Road Trip: Visit a South Carolina National Park
Plan a road trip to visit a South Carolina National Park during National Park Week, April 20- April 28, 2019. Nationally, there are 419 properties managed by the National Park Service. This celebration week is held annually in collaboration with the National Park Foundation, the official charity of America’s national parks.
There are many types of National Park sites including:
- National Battlefields
- National Battlefield Parks
- National Battlefield Sites
- National Military Parks
- National Historical Parks
- National Historic Sites
- International Historic Sites
- National Lakeshores
- National Memorials
- National Monuments
- National Parks
- National Parkways
- National Preserves
- National Reserves
- National Recreation Areas
- National Rivers
- National Wild and Scenic Rivers and Riverways
- National Scenic Trails
- National Seashores
- Other Designations
In South Carolina, you may visit the following National Park treasures:
Congaree National Park
Congaree National Park is the largest intact expanse of old growth bottomland hardwood forest remaining in the southeastern United States. Waters from the Congaree and Wateree Rivers sweep through the floodplain, carrying nutrients and sediments that nourish and rejuvenate this ecosystem and support the growth of national and state champion trees.
Charles Pinckney National Historic Site
Mt. Pleasant, SC
Charles Pinckney was a principal author and a signer of the United States Constitution. This remnant of his coastal plantation is preserved to tell the story of a “founding father,” his life of public service, the lives of enslaved African Americans on South Carolina Lowcountry plantations and their influences on Charles Pinckney.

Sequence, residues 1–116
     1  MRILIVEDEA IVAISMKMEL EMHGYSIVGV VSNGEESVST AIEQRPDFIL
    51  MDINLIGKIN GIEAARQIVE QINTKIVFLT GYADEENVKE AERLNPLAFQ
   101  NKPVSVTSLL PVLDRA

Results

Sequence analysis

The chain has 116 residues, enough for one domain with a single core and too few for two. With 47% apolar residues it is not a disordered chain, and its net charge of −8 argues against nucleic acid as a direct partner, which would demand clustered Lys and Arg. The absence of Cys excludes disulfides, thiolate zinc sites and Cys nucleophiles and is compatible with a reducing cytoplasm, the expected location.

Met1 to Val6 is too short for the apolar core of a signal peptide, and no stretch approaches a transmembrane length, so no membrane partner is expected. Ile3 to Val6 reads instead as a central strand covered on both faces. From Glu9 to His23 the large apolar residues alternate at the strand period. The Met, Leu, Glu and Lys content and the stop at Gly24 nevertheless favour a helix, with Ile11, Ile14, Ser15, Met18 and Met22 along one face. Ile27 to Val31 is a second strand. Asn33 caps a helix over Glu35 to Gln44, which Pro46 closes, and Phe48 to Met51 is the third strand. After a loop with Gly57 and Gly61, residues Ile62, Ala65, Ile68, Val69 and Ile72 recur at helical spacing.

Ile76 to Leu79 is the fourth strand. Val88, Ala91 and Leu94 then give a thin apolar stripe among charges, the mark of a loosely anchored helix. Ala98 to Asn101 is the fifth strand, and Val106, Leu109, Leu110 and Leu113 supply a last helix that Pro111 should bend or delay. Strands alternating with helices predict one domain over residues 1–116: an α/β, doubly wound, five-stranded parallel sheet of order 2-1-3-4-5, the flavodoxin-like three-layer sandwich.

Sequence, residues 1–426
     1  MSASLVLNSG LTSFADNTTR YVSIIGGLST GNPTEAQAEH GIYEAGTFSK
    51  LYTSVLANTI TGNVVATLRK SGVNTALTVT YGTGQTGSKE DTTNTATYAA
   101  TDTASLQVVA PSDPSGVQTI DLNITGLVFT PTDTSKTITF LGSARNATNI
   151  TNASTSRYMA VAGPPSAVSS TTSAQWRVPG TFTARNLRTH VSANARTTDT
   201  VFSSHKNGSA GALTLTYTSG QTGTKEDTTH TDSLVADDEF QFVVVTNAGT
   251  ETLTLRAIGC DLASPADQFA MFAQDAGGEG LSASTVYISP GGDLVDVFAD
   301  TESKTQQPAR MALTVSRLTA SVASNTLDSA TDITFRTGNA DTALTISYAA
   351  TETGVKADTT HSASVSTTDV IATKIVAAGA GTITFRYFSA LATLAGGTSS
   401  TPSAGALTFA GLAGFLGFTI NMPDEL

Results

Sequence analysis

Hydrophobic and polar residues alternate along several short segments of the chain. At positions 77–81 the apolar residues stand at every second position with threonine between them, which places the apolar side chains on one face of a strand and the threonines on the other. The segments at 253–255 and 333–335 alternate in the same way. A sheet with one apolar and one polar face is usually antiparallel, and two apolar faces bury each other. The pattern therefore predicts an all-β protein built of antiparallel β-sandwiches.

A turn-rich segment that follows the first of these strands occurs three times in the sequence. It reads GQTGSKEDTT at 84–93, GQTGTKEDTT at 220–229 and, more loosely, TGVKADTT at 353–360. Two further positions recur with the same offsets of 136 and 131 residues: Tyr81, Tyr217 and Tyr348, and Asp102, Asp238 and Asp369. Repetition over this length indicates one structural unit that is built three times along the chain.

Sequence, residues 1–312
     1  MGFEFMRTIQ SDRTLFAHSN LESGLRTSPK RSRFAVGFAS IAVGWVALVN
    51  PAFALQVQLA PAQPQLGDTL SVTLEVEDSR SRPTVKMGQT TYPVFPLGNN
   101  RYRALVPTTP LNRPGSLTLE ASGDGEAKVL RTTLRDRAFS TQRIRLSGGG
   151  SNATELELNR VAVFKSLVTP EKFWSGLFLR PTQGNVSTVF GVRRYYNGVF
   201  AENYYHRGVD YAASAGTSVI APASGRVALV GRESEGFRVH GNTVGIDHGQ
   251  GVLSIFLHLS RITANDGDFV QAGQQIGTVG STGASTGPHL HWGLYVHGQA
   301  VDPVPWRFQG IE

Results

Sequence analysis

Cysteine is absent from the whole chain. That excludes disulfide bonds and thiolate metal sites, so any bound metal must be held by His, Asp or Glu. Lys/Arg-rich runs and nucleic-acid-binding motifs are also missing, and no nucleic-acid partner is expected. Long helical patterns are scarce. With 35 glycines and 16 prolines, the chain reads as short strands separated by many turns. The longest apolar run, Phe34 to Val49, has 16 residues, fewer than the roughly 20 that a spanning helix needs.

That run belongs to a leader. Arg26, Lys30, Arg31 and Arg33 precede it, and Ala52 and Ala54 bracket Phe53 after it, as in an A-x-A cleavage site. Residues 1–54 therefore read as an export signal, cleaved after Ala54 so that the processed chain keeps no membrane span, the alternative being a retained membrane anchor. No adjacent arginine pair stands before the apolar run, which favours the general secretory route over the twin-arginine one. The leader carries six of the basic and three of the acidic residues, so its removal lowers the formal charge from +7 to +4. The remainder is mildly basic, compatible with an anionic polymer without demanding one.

Cowpens National Battlefield
This Revolutionary War site commemorates the place where Daniel Morgan and his army turned the flanks of Banastre Tarleton’s British army. This classic military tactic, known as a double envelopment, was one of only a few in history.
Fort Sumter and Fort Moultrie National Historical Park
Charleston Harbor, SC
The first fort on Sullivan’s Island, constructed of palmetto logs and sand, was incomplete when the British attacked it in 1776. The fort was named in honor of its commander, Colonel William Moultrie. The Confederacy fired on the US garrison of Fort Sumter on April 12, 1861, opening the Civil War.
Reconstruction Era National Historical Park
St. Helena Island, SC
During the Reconstruction Era, 1861-1898 the United States wrestled with how to integrate millions of newly freed African Americans into social, political, economic, and labor systems. The people, places, and events in Beaufort County, South Carolina, reflect on the most important issues.
Kings Mountain National Military Park
Thomas Jefferson called it “The turn of the tide of success.” The battle of Kings Mountain fought October 7th, 1780, was an important American victory during the Revolutionary War. The battle was the first major patriot victory to occur after the British invasion of Charleston 1780. The park preserves the site of this important battle.
Ninety-Six National Historic Site
Settlers struggled against the harsh backcountry to survive. Cherokee Indians hunted and fought to keep their land. Two towns and a trading post were formed then abandoned to the elements. And two Revolutionary War battles claimed over 100 lives.
Overmountain Victory National Historic Trail
NC, SC, TN, VA
Stretching 330 miles through four states (Virginia, Tennessee, North and South Carolina) the Overmountain Victory National Historic Trail traces the route used by patriot militia during the pivotal Kings Mountain campaign of 1780. Follow the campaign by utilizing a Commemorative Motor Route which uses existing state highways marked with the distinctive trail logo, or 87 miles of walkable pathways.
South Carolina National Heritage Corridor
Designated in 1996, the South Carolina National Heritage Corridor is committed to promoting and preserving the cultural, natural and historic resources of the state. The corridor stretches across 17 counties from the Appalachian Mountains to the Atlantic Ocean.
Gullah/Geechee Cultural Heritage Corridor
FL, GA, NC, SC
Designated by Congress in 2006, the Gullah Geechee Cultural Heritage Corridor extends from Wilmington, North Carolina in the north to Jacksonville, Florida in the south. It is home to one of America’s most unique cultures, a tradition first shaped by captive Africans brought to the southern United States from West Africa and continued in later generations by their descendants.